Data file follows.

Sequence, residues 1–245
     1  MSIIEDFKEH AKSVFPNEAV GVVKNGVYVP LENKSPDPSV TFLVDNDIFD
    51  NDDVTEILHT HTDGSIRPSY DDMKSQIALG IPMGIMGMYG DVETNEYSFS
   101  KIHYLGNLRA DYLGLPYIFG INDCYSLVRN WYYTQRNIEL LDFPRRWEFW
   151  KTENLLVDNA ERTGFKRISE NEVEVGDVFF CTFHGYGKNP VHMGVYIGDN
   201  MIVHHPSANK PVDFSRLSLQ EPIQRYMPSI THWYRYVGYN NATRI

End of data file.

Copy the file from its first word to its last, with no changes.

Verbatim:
Sequence, residues 1–245
     1  MSIIEDFKEH AKSVFPNEAV GVVKNGVYVP LENKSPDPSV TFLVDNDIFD
    51  NDDVTEILHT HTDGSIRPSY DDMKSQIALG IPMGIMGMYG DVETNEYSFS
   101  KIHYLGNLRA DYLGLPYIFG INDCYSLVRN WYYTQRNIEL LDFPRRWEFW
   151  KTENLLVDNA ERTGFKRISE NEVEVGDVFF CTFHGYGKNP VHMGVYIGDN
   201  MIVHHPSANK PVDFSRLSLQ EPIQRYMPSI THWYRYVGYN NATRI